“We realized a week and a half ago that students with urgent care needs were being turned away,” Dickerson said. “We did not anticipate that we would be so short-staffed and would have to move to a modified operation.”
When Pitzer Student Senate President Clint Isom PZ ’20 felt extremely sick on Sept. 30, he went to SHS for a walk-in appointment. But staff told him there were no nurses to see him.
They gave him a plastic bag filled with tissues and cough drops and told him to reschedule his appointment for two weeks later or call 911 if his condition was urgent, he said.
Isom attempted to get the doctor’s note he needed to complete an assignment, but couldn’t.
“You can’t get a doctor’s excuse if you can’t see the doctor,” he said. “The staffing shortage needs to be addressed … especially this time of year, when everybody’s sick.”
SHS has struggled to hire new registered nurses amidst a competitive regional marketplace, Dickerson said. She’s engaged in meetings with TCCS budget and human resources offices to ensure SHS staff are being paid competitive salaries.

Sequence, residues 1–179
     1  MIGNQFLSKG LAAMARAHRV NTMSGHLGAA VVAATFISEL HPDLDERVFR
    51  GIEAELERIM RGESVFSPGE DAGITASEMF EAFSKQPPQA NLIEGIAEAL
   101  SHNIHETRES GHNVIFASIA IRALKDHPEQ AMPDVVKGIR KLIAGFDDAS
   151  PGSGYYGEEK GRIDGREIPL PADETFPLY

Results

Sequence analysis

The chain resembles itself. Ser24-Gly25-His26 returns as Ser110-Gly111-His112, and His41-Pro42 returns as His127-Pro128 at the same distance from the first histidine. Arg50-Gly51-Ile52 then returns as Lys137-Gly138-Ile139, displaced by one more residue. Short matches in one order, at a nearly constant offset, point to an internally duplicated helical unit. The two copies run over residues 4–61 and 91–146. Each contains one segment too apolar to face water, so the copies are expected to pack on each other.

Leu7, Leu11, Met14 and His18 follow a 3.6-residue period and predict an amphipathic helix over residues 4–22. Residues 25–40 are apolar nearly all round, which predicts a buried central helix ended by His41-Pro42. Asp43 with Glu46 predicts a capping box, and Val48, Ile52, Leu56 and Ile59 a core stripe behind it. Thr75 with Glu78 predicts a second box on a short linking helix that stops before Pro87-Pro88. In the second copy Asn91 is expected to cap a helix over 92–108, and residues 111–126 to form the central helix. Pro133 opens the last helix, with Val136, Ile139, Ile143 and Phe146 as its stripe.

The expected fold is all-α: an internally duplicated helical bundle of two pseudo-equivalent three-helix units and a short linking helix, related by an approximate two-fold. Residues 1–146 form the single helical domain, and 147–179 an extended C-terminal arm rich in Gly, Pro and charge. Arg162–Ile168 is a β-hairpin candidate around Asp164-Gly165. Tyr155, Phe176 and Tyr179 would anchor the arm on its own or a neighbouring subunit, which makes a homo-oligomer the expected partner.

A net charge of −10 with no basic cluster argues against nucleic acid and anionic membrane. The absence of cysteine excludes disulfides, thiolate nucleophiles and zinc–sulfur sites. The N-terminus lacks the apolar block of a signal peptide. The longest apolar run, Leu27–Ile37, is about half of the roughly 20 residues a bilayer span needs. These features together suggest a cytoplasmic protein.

“We thought that we should be able to call [a] nursing temporary agency and have someone here the next day but it doesn’t work like that,” Dickerson said. “It’s a very competitive market for people in health professions now.”
The U.S. unemployment rate for registered nurses stands at 1.4 percent, less than half the national unemployment rate of 3.7 percent, according to U.S. News.
SHS has three doctors, two nurse practitioners and only one registered nurse on staff, according to Dickerson. But the statement on the SHS site said it’s made only “incremental progress” in hiring and added one physician provider this month and one registered nurse this week.